VEGAS MYTHS BUSTED: The Final Resting Place of Whiskey Pete
Posted on: December 16, 2022, 08:50h.
Last updated on: December 16, 2022, 09:42h.
On Feb. 2, 1994, construction workers were grading the land for the light rail that today connects two casinos, Whiskey Pete’s and Buffalo Bill’s, across Interstate 15 in Primm, Nev. One of their tractors struck a crumbling plywood coffin, knocking it open. What they found inside should have put an end to one of Nevada’s biggest tall tales. Instead, that tale has only grown taller.
Peter “Whiskey Pete” McIntyre – legendary namesake of the casino – was supposedly buried with his cherished 10-gallon hat on his head, six-shooters strapped to his side, and a bottle of his own moonshine whiskey. His coffin was also supposedly buried upright, facing what was then called the Arrowhead Trails Highway, to honor McIntytre’s request to “see all those sons of bitches going by.”
Sorry, entire internet. Every one of your Whiskey Pete stories is inaccurate. According to Bruce Sedlacek, who supervised the construction crew that found McIntyre’s coffin, it contained his bones, a tuft of hair on his skull, his shirt with a few buttons missing, his dentures, and that’s it. There were no guns or whiskey bottles. And the coffin wasn’t buried standing up. It didn’t even have a slight tilt to it. It was perfectly level to the ground it lay underneath.
“I don’t know how all that false stuff gets out there,” Sedlacek told Casino.org.
Who Was Whiskey Pete?
That’s the question asked for 46 years by everyone stuck in bumper-to-bumper holiday traffic between Las Vegas to California on the 15. (Whiskey Pete’s is a 16-story castle that looms ridiculously high over the barren landscape, demanding attention.)
Pete McIntyre was a former miner who served two months in jail for running an illegal speakeasy, then six months in jail for bootlegging whiskey at the beginning of Prohibition. By the late 1920s, he opened State Line Station, a gas station with two pumps on the Nevada side of its state border with California.
If gas was how McIntyre planned to turn over a new leaf, doing it in State Line, Nev. (renamed Primm in 1996 to avoid confusion with another Stateline, Nev.) wasn’t a very good plan because few cars stopped to gas up there back then. So, McIntyre fell back into his old illegal ways. He distilled whiskey and sold it at his station on the down low.
The Man, the Myth, the Legend
The first misconception most people get about Whiskey Pete comes from the smiling cartoon mascot featured on the casino’s sign and in its marketing. McIntyre wasn’t a smiling type of dude. In fact, according a 1928 report in the Las Vegas Review newspaper, the Las Vegas Chamber of Commerce said it received several complaints from tourists about McIntyre’s violently anti-social behavior. According to one, he even shot at them as they exited his gas station.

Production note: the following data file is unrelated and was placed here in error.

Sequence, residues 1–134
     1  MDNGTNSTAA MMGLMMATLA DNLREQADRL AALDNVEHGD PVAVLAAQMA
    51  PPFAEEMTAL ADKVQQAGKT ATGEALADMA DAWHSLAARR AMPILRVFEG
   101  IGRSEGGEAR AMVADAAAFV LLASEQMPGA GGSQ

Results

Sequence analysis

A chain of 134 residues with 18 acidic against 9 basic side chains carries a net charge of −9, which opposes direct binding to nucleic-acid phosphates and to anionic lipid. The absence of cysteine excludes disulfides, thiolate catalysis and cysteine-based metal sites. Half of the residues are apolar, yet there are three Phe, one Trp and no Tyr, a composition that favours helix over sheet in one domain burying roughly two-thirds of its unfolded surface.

An article about McIntyre in the March 28, 1931 edition of the Las Vegas Age newspaper noted that “Pete resents the bad name given to him by a portion of the public and the press, alleging that he is not so bad as he is painted.” The occasion of the article was McIntyre’s release on bail after shooting Rube Bradshaw, the Elgin, Nev. postmaster.
According to Bradshaw, he had stopped at State Line Station with his two sons to get gas and coffee. When he entered and asked for a cup, he said, McIntyre called him a “vile name” and shot him in the shoulder. The assault with a deadly weapon charge was dropped after Bradshaw failed to show in court three separate times.
Crazy in Love
In early 1932, McIntyre married Lauretta Frances Enders. By October of that same year, she attempted to have him committed to the Stillwell Sanitarium in Banning, Calif., citing the unprovoked rages he flew into. McIntyre retorted that the rages were an appropriate response to her running around naked in the hills with other men. A judge denied Enders’ motion.
Whatever McIntyre’s mental condition, his physical one wasn’t good. He had miner’s lung and required treatment – or at least what passed for it in those days. Enders reportedly stayed with her husband at the sanitarium until he showed signs of recovery. At that point, she left.
Within a year, on Nov. 11, 1933, McIntyre died at Stillwell of his disease.
Enders ran State Line Station for a couple of years before selling it. It changed hands a few times since, expanding into State Line Bar-Slots before being purchased by Ernest J. Primm, eventual namesake of the town. Primm renamed the station Whiskey Pete’s and then opened his casino hotel, in McIntyre’s honor, on the site in 1977.
Where is Whiskey Pete Now?
According to Wikipedia, McIntytre’s exhumed body “was moved and is now said to be buried in one of the caves where MacIntyre cooked up his moonshine.”
That’s just more fake news.
When we found him, I went and told the owner,” Sedlacek recalled. “Then we were told to put him back in the ground, so we built a new box for him, and reburied him in the same area where we found him.”
Though the casino at Whiskey Pete’s remains open, its 777-room hotel never reopened following the pandemic shutdown. The hotel is currently used only as overflow booking for the Primm Valley Resort. A spokesperson for the hotel’s owner, Primm Valley Resorts, could not say how permanent the hotel closure was.
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